Who Has the Authority in Orthodox Faith?


#1

Who has the authority in the Orthodox Churches? Can someone explain how that works. Is it at the bishop level only or is there a hierarchy above that? If a serious question or problem arises in the Church, who has the final say? Thanks in advance!


#2

Depends on what you’re talking about:

In matters pertaining to individual parishioners and parish practices, extending eikonomia, issuing penances, giving spiritual guidance, that would be the parish priest.

In governing and directing a monastery it would be the Abbot or Abbess.

Over both of these would be the bishop, who controls how the Liturgy is performed, whether or not someone is allowed to get re-married, who can be baptized, Chrismated, married, or recieve any of the other Sacraments, who is ordained, who serves in his parishes, what is preached, etc.

If something happens within a local church their bishops would meet together and come to a conclusion. If there’s a tie the patriarch gets tie breaking vote.

If something affecting the entire Church happens then a council would be convened, The bishops of the world would meet together, come to an agreement, take the agreement back to their people, the people would agree, disagree, or depose their bishop. The Ultimate Authority is The Faith, or what has always been believed. What the Fathers have said - we cannot disagree with them. Doing so is what results in bishops being thrown out of their thrones.


#3

Interesting. In the Oriental Orthodox and Catholic Churches, it is only bishops who can depose other bishops. If I’m understanding you correctly, the EO have a very unique, almost democratic ecclesiology. From what you say, how is the principle of governing authority in the EOC different from that of the magisterial Protestant groups?

Blessings,
Marduk


#4

Very, very interesting. Thank you for explaining it. Do large councils ever occur in the way you described above?


#5

[quote="mardukm, post:3, topic:306099"]
Interesting. In the Oriental Orthodox and Catholic Churches, it is only bishops who can depose other bishops. If I'm understanding you correctly, the EO have a very unique, almost democratic ecclesiology. From what you say, how is the principle of governing authority in the EOC different from that of the magisterial Protestant groups?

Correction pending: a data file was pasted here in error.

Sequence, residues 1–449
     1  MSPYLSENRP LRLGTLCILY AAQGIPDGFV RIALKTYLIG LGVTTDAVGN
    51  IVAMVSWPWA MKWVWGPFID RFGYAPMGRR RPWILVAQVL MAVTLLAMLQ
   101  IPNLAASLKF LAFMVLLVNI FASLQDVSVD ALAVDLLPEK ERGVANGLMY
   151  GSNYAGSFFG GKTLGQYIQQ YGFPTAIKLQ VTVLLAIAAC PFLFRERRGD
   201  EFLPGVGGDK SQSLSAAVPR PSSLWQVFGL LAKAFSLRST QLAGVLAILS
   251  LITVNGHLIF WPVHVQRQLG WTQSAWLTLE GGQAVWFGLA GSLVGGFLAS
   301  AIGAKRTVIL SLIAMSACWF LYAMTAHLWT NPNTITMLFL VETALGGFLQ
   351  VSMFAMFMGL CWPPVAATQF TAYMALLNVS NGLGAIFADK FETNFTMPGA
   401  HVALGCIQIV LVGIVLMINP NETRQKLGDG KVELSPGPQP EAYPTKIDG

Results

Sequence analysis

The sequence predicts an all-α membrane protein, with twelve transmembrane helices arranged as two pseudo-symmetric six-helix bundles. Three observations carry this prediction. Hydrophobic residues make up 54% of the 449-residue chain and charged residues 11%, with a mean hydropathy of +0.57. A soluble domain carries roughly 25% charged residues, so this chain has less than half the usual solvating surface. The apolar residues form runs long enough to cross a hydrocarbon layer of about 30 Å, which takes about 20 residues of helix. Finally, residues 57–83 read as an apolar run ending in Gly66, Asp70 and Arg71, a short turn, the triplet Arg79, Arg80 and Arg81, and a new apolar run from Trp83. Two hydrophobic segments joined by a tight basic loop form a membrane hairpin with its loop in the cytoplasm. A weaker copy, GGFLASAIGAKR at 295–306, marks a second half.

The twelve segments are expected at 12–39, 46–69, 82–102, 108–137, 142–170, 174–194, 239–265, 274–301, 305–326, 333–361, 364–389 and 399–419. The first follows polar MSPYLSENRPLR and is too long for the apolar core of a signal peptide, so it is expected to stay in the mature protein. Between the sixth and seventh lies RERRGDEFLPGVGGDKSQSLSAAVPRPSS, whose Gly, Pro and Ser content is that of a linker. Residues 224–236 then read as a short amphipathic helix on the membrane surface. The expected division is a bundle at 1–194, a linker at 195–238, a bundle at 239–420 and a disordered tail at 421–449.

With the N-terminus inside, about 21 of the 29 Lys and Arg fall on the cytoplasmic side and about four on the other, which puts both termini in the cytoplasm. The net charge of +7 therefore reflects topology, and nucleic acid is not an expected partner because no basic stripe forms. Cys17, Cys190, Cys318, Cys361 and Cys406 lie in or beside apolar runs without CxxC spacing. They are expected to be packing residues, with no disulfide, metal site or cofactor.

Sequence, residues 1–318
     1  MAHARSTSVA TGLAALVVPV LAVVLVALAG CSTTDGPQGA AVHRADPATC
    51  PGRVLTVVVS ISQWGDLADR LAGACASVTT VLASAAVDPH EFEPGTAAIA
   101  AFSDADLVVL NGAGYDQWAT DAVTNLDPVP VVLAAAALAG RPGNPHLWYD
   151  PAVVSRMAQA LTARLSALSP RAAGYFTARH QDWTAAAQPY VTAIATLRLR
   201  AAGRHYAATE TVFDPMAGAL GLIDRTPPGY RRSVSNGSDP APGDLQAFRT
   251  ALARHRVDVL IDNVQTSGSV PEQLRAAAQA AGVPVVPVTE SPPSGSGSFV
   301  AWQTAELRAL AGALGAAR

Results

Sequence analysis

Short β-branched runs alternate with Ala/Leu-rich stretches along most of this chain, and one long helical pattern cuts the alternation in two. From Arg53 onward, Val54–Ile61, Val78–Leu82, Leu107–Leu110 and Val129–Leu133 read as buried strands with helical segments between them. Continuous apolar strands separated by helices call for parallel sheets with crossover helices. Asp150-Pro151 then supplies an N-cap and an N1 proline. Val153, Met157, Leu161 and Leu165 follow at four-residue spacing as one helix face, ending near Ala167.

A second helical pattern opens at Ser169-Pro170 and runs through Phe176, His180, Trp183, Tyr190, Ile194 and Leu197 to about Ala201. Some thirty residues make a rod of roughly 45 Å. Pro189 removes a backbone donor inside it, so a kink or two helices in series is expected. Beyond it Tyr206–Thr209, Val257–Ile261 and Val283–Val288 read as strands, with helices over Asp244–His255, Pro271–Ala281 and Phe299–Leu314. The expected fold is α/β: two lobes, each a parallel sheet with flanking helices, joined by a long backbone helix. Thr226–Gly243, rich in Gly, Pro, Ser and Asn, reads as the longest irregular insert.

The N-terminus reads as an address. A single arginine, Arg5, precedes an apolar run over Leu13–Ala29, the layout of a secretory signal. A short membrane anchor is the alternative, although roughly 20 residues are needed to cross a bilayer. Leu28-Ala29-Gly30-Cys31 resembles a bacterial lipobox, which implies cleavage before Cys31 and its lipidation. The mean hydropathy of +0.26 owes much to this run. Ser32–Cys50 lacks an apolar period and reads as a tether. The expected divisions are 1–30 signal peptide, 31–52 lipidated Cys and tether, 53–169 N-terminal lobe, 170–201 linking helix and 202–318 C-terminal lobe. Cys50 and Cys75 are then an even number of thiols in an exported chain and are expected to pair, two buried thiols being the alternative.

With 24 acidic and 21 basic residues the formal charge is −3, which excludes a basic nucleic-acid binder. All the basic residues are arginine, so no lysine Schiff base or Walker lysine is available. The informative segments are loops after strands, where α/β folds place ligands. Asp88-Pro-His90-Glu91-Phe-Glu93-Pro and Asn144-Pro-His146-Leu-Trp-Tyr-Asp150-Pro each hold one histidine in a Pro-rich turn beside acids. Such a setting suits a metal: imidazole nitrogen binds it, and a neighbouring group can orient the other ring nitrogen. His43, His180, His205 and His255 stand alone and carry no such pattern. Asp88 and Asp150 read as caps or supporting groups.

Blessings,
Marduk

[/quote]

That is an interesting question.

I would also be interested to know if this system of bishops coming together and making decisions is really any different from, say, the Anglican Communion or the Church of England, or any other group doing the same thing.

Also, it was mentioned that the Orthodox Churches are abound to tradition, but honestly, there doesn't seem like anything is stopping them from all agreeing that the "tradition" is very different than it actually was.


#6

The 7 Ecumenical Councils would be examples, but it’s rare that they’re needed. The local councils happen all the time (they’re scheduled yearly at least), and if an issue arises in one local church and their council answers it, and then the same issue arises in another local church, it’s very likely that the first local council will be used as a sort of ‘precedence’ and followed in the second local church. There’s not really been something since the 7th Great Council that required another one, but there are talks that another Great Council may happen within the next few years, but that rumor has been around for years and it’s always “just around the corner.”


#7

Just to clear something up then, what does “local” mean? City, country?


#8

Mardukm is on my ignore list, so I didn’t see his post until now.